By Marybeth Gasman & Andrés Castro Samayoa
This blog is part of a series highlighting the findings from Pulling Back the Curtain: Enrollment and Outcomes at Minority Serving Institutions.
HBCUs play a critical role in the nation’s postsecondary education system: They offer African Americans and other students of color safe and empowering environments and provide students a space to embrace their racial identities. HBCUs offer a uniquely familial learning environment; moreover, they cultivate and measure student success in myriad ways.
As we know, HBCUs not only have a long history of providing access to African Americans seeking postsecondary education, but they also contribute to the educational success of a large number of students of color. Research shows that while representing less than 3 percent of higher education institutions nationally, HBCUs educate one in 10 black students.
HBCUs also have robust histories of providing access and support for disadvantaged students who come from under-resourced K–12 backgrounds. Currently, 74 percent of HBCU students are Pell Grant-eligible, exemplifying their commitment to serving low-income students. The contributions of HBCUs to STEM education are particularly noteworthy, with eight HBCUs among the top 20 institutions that award science and engineering bachelor’s degrees nationwide. Further, research shows HBCUs as leaders in producing black graduates who go on to earn STEM doctoral degrees.
Enrollment and Outcomes at HBCUs
ACE’s Center for Policy Research and Strategy recently released a one-of-its-kind report, Pulling Back the Curtain: Enrollment and Outcomes at Minority Serving Institutions, which uses data from the National Student Clearinghouse (NSC) to examine enrollment and outcomes of students who start college at a minority serving institution, including HBCUs.
Findings showed that the majority of students at public two-year and four-year HBCUs attended through mixed enrollment (65 and 52 percent, respectively), meaning they move between full-time and part-time enrollment. Students at private four-year HBCUs were more likely to enroll exclusively full time (56 percent); however, many students (43 percent) used mixed enrollment. This means that the majority of students who attend public HBCUs, and over one-third who attend private HBCUs, do not fit the profile of students captured by traditional graduation rates—those who enroll full time.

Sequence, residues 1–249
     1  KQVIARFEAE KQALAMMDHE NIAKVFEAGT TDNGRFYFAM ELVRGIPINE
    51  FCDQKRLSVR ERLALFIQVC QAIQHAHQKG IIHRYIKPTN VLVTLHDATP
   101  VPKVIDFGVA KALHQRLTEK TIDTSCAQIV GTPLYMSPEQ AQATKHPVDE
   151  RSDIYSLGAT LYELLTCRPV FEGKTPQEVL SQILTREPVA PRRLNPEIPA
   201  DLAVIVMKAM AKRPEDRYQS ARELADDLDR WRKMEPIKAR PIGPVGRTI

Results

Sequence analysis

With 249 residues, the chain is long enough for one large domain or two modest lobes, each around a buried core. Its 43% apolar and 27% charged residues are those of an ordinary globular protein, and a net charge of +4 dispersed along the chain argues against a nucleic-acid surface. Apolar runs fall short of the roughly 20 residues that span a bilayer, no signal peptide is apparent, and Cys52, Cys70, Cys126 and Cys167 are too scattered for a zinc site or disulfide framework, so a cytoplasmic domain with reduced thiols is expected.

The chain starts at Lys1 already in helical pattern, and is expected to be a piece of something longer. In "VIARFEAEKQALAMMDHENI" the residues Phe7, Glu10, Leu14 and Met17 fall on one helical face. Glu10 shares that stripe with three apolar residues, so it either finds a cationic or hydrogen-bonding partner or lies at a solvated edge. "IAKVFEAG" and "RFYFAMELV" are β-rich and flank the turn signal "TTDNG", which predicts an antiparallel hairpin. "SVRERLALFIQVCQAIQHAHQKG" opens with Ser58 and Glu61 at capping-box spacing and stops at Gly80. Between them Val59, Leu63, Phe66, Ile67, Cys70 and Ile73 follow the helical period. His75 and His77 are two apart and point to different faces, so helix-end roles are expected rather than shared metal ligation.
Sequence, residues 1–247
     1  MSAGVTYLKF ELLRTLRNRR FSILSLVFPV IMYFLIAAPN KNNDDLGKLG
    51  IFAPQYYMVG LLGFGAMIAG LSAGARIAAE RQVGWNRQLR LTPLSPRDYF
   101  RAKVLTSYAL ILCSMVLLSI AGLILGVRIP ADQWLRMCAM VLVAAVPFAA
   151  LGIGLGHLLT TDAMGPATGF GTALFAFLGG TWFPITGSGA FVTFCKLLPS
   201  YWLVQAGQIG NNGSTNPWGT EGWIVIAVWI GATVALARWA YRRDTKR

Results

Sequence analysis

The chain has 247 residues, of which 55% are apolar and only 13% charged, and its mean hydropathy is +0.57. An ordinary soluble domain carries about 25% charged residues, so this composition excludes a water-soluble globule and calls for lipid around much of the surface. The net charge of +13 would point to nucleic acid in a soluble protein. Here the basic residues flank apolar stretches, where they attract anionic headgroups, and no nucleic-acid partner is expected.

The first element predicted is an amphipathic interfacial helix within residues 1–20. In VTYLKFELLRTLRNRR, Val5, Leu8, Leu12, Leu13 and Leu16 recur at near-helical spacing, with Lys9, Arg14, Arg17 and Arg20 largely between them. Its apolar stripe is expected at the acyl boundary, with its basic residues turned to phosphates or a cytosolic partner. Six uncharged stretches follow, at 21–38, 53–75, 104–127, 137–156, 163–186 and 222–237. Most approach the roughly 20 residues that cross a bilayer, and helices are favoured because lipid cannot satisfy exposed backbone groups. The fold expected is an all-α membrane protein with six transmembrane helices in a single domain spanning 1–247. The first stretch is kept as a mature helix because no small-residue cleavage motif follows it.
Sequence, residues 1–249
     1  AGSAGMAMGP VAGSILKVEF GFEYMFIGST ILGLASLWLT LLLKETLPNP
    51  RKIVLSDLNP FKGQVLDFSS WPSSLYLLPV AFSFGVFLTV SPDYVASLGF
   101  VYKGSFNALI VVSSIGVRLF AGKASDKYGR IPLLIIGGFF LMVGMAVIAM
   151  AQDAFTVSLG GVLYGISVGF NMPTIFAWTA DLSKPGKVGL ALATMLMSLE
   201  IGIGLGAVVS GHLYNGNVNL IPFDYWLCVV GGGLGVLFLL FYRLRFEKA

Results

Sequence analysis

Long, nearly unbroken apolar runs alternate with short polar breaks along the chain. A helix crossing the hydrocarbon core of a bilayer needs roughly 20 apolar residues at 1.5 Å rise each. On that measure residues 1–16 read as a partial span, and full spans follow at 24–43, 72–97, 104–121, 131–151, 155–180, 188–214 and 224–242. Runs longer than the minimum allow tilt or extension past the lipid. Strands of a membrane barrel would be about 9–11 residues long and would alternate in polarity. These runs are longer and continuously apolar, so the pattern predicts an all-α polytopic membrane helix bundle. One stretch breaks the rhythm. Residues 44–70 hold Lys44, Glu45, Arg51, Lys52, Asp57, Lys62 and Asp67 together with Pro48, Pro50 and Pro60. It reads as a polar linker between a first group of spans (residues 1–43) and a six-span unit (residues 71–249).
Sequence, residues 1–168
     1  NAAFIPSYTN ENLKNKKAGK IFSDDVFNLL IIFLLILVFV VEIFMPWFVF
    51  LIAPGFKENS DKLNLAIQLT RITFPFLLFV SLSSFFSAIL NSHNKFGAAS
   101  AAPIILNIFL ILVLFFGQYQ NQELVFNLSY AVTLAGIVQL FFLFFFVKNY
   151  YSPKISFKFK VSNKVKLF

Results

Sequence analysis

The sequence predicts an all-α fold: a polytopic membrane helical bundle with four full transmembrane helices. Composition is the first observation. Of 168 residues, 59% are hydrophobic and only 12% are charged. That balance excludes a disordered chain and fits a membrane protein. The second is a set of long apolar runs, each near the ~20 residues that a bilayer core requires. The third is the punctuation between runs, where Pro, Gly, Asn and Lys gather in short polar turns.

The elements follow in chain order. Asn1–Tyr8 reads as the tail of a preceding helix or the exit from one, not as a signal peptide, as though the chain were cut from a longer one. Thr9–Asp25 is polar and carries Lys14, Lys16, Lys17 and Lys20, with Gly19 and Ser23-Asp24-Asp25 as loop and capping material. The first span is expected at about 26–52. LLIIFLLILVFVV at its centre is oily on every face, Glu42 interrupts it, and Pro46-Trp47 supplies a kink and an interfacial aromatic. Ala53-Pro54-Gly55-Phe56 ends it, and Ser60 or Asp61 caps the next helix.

Looking at completion, students at HBCUs complete at higher rate than what the federal graduation rate suggests. Examining data for students who enroll at HBCUs exclusively full time—the NSC sub-cohort most comparable to the cohort used to calculate the federal graduation rate—the total completion rate is higher than the federal rate across all sectors. This is because NSC data capture students as they move across institutions and states, providing a more robust picture of student outcomes. Analyzing NSC data, the authors of the report found:
- Exclusively full-time students at public four-year HBCUs complete at a rate of 61.8 percent, slightly less than double that of the federal graduation rate for these institutions, 34.1 percent.
- Students enrolled exclusively full time at private four-year HBCUs had a completion rate of 66.7 percent, compared to the federal rate of 43.9 percent.
- The NSC four-year completion rate for students enrolled exclusively full time at two-year public HBCUs is more than double that of the federal rate—32.1 percent using NSC data compared to 13.9 percent using federal data.
Beyond the Numbers: Student Success at HBCUs
Student success at HBCUs can be attributed to multiple factors, including how HBCUs cultivate an ethos of familial success and provide robust services for students hailing from low-income and other under-resourced backgrounds. Research shows that HBCUs purposefully foster an ethos of belief in the success of students, and faculty and staff members regularly and consistently communicate this vision to their students.
HBCUs’ ethos of success is steeped in the idea of family. Many of these institutions emphasize collaboration over competition through cohort models in which students understand that their success is deeply tied to others and not merely a product of their own doing. For example, one strategy of success used at Morehouse College (GA) is a focus on effective peer-to-peer learning within a cohort model, where students are charged with supporting one another in completing their degrees. Notably, the students who are encouraged to participate as leaders in these cohort groups may have initially struggled in their own coursework. This allows peer leaders to see themselves in those seeking guidance, and also allows struggling students to recognize and aspire to the success of those who came before them.